Acute respiratory failure, due to severe obstructive sleep apnoea syndrome, managed with nasal positive pressure ventilation

Monaldi Arch Chest Dis. 1994 Dec;49(6):558-60.


The complications of endotracheal intubation are particularly frequent in patients with obstructive sleep apnoea syndrome (OSAS). We prospectively tested nasal ventilation in such patients admitted for acute respiratory failure. Six consecutive patients, aged 17-70 yrs, were selected for the study. All patients were confused or severely obtunded, Glasgow Coma Score (GCS) 10 (SD 2). With nasal bi-level positive airways pressure (BiPAP) all these patients improved clinical status and arterial blood gas values, avoiding intubation and invasive mechanical ventilation. The median pH increased from 7.26 (SD 0.06) to 7.36 (0.01) and to 7.43 (0.02) after, 1-3 and 24 h of nasal ventilation, respectively. Nasal ventilation lasted an average of 21 (3) h on the first day. All patients were discharged home after a median hospital stay of 28 (11) days.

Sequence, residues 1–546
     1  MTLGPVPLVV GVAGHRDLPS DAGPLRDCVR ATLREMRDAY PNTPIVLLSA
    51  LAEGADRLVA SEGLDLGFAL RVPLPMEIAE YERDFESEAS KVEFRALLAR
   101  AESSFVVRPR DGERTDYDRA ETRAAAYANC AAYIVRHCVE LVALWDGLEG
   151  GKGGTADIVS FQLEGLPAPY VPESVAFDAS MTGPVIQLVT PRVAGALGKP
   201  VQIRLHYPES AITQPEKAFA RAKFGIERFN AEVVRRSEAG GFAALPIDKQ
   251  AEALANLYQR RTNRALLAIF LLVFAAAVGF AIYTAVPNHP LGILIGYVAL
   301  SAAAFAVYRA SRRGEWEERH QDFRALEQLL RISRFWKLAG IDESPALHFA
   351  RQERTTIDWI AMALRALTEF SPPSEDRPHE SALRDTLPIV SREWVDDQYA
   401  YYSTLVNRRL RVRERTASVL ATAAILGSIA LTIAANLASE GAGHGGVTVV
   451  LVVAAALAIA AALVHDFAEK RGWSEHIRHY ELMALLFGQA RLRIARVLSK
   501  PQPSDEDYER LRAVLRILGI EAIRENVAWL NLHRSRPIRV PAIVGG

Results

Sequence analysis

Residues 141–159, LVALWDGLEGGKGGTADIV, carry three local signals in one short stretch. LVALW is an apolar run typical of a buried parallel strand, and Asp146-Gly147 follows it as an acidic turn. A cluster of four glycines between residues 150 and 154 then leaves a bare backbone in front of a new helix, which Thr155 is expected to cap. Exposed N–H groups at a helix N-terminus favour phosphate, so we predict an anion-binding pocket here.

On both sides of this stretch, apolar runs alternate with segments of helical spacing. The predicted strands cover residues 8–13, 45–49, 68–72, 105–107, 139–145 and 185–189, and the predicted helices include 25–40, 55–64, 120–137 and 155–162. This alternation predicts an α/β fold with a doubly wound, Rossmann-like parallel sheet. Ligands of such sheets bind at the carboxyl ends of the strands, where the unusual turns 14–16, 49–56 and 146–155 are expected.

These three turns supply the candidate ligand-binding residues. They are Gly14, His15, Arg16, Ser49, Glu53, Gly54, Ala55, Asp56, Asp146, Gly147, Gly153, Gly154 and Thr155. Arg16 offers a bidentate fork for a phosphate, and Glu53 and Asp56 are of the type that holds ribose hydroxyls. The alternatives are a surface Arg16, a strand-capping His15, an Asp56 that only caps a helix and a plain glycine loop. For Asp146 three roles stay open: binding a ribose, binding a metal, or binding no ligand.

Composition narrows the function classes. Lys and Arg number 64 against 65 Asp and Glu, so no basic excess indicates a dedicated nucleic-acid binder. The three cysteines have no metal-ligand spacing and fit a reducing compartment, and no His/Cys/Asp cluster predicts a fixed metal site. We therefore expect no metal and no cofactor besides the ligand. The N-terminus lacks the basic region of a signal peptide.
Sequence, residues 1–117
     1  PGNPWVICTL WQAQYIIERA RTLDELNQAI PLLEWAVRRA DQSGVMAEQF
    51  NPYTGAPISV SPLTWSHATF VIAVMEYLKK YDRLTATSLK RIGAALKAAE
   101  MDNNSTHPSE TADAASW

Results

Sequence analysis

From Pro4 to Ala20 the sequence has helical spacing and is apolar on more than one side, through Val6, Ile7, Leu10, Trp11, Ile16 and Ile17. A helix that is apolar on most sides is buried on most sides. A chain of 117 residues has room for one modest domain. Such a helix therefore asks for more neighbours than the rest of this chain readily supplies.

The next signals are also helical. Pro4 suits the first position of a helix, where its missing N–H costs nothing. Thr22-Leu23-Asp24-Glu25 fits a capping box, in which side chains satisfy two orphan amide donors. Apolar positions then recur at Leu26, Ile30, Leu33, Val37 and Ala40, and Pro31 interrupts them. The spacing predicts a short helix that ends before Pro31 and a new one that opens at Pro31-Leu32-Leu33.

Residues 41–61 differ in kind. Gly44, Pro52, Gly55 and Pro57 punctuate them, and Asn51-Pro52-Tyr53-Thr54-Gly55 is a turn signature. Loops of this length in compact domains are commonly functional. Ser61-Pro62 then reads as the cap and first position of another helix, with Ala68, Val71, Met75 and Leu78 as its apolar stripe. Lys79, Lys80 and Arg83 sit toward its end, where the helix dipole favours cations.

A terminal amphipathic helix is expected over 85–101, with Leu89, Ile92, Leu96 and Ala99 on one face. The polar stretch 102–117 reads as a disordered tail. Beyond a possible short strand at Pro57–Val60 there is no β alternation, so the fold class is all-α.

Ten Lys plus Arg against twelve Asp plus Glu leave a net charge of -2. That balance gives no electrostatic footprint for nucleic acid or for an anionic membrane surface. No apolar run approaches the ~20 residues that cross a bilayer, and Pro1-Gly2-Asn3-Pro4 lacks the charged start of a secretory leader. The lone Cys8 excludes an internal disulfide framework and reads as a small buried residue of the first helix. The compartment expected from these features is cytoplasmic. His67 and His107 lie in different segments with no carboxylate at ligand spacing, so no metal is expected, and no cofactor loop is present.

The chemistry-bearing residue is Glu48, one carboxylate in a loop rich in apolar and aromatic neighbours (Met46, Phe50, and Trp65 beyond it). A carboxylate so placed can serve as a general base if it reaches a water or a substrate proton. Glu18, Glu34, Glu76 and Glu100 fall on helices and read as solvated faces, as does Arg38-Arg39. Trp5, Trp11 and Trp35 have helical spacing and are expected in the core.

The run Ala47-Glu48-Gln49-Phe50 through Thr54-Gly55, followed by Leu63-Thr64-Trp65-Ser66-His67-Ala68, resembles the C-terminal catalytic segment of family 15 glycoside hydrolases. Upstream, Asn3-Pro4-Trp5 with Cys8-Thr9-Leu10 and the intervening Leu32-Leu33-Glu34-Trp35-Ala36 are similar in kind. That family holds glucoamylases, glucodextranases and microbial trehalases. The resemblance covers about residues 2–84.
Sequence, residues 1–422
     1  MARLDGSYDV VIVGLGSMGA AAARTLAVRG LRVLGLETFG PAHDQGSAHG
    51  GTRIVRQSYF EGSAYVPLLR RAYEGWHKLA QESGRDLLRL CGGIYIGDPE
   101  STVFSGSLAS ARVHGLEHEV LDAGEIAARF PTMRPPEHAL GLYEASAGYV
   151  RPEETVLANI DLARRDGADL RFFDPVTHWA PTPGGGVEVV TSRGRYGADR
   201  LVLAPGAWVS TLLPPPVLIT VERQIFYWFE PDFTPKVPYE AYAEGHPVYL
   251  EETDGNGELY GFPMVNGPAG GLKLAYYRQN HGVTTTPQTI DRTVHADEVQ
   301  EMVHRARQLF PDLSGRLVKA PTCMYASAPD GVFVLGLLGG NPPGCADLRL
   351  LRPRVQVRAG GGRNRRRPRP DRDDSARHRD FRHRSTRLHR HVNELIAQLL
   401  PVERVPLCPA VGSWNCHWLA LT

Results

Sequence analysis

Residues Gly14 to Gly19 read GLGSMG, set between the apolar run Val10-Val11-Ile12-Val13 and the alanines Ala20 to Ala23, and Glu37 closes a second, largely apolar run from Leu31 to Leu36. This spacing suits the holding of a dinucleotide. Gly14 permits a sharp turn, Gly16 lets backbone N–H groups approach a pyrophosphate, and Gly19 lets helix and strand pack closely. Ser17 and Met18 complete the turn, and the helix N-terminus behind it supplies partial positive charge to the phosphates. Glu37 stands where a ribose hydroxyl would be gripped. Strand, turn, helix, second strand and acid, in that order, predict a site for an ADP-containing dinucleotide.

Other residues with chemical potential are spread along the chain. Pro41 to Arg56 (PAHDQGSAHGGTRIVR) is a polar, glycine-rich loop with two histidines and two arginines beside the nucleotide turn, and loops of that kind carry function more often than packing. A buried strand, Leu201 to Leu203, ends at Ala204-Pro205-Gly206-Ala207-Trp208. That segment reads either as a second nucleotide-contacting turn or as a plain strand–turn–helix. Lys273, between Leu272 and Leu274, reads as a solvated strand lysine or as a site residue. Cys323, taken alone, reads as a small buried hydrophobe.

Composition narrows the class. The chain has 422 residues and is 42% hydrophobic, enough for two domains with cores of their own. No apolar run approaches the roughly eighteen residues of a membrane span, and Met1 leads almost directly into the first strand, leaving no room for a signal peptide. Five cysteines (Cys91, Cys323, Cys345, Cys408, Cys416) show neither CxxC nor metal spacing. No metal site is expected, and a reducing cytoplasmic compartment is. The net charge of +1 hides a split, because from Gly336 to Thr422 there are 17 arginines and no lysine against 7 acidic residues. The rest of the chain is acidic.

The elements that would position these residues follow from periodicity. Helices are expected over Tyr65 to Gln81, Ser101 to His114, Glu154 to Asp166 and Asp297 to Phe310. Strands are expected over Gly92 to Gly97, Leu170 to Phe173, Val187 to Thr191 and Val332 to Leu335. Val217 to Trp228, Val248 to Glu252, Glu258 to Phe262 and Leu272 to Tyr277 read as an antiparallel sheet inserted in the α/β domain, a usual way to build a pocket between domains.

MeSH terms

  • Adolescent
  • Adult
  • Aged
  • Female
  • Humans
  • Male
  • Middle Aged
  • Positive-Pressure Respiration*
  • Prospective Studies
  • Respiratory Insufficiency / etiology
  • Respiratory Insufficiency / therapy*
  • Sleep Apnea Syndromes / complications
  • Treatment Outcome